Published On: Tue, May 23rd, 2017

New reports reveals human trafficking problem in Billings Montana

In a new article published on Billings Gazette, the law enforcement and FBI efforts in Montana have resulted in spotlighting the growing and serious problem in Montana communities: human trafficking.

Linking human trafficking to the rings of ” youth and adults are forced to work or to engage in prostitution in exchange for food, drugs or shelter…”

Tumbleweed, a nonprofit organization in Billings that serves at-risk youth, has identified 70 victims of human trafficking in the past 18 months, said Georgia Cady, Tumbleweed’s human trafficking program director.


Ninety percent of those victims are from Billings or the local area, Cady said.

Montana Attorney General Tim Fox said fighting human trafficking is a Department of Justice priority, where the goal is to bring traffickers to justice and help victims recover.
The article goes deeper into the three-day conference at Montana State University Billings to raise awareness about the issue. Fox and Cady were among numerous speakers Monday at the start event.

More than 200 people are expected to attend the public conference and more than 100 federal, state and local law enforcement officers are registered for the law enforcement portion, said Stephanie Baucus, a co-chair with the Yellowstone County Area Human Trafficking Task Force, which is hosting the event.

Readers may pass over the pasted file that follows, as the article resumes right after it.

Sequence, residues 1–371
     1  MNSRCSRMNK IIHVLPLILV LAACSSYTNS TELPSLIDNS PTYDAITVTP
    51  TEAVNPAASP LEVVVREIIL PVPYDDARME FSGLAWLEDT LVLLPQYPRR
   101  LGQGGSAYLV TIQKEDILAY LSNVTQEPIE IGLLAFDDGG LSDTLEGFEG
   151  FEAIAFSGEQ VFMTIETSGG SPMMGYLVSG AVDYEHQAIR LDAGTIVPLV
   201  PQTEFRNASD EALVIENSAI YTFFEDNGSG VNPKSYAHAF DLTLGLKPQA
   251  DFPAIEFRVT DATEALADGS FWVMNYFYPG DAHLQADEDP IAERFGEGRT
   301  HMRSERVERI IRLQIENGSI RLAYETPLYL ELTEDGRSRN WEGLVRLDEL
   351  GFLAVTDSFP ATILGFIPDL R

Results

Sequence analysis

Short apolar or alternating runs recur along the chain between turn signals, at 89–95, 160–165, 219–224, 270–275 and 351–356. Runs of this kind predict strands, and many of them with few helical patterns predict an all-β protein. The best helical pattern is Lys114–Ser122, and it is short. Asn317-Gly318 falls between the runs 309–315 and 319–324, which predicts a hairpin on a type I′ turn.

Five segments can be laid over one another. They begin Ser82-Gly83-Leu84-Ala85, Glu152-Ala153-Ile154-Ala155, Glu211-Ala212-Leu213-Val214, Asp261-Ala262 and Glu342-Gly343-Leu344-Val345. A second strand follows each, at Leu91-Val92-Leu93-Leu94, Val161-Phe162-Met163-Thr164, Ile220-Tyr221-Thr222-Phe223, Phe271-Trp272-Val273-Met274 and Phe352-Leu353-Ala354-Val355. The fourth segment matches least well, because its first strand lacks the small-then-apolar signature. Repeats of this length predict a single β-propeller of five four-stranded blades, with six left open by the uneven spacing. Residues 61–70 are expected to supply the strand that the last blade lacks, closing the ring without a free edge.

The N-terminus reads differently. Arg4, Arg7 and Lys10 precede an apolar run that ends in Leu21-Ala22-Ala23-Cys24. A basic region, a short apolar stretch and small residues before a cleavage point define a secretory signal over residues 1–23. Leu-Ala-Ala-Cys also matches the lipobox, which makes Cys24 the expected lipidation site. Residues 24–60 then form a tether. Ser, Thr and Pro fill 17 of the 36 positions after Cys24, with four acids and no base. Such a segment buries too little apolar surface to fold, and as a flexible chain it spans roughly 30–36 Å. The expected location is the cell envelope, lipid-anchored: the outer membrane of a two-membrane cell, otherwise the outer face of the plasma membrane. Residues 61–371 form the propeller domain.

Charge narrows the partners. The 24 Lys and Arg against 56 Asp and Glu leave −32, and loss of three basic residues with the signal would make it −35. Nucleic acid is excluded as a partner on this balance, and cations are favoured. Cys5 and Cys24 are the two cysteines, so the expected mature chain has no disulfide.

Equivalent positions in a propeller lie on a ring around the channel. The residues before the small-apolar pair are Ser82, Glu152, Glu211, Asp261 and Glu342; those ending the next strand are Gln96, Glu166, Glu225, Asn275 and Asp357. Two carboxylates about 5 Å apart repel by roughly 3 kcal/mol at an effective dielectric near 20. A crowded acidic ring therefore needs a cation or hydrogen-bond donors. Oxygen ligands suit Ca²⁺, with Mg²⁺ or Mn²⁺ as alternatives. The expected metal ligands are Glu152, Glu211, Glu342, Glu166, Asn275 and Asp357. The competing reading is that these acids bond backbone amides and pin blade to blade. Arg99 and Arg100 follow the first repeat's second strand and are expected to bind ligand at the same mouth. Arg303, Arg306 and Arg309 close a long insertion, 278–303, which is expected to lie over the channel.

Conference presenters will discuss the trafficking problem, highlight efforts to combat traffickers and identify resources available to help and protect children and adults from traffickers.

The 2015 Legislature also passed a law establishing definitions and penalties for human trafficking, protections for victims and new programs for DOJ to raise awareness, Fox said.

Human trafficking now is part of basic law enforcement officer training at the Montana Law Enforcement Academy, Fox said.

“I’m proud of what we’ve accomplished,” but more needs to be done in seeking justice for the victims of human trafficking, Fox said.

Billings Police Chief Rich St. John called human trafficking “very prolific” and said law enforcement plays a critical role in which officers use education and training to know what to look for and how to respond.

“There are definitive red flags,” St. John said.

Calling human trafficking “modern day slavery,” St. John said the thinking about such activity is changing.

“No longer are we arresting prostitutes,” he said.

Rather, law enforcement is trying to build a sense of trust with victims, to follow through on simple gestures and to create a sense of security for the victims, St. John said.

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About the Author

- Catherine "Kaye" Wonderhouse, a proud descendant of the Wunderhaus family is the Colorado Correspondent who will add more coverage, interviews and reports from this midwest area.

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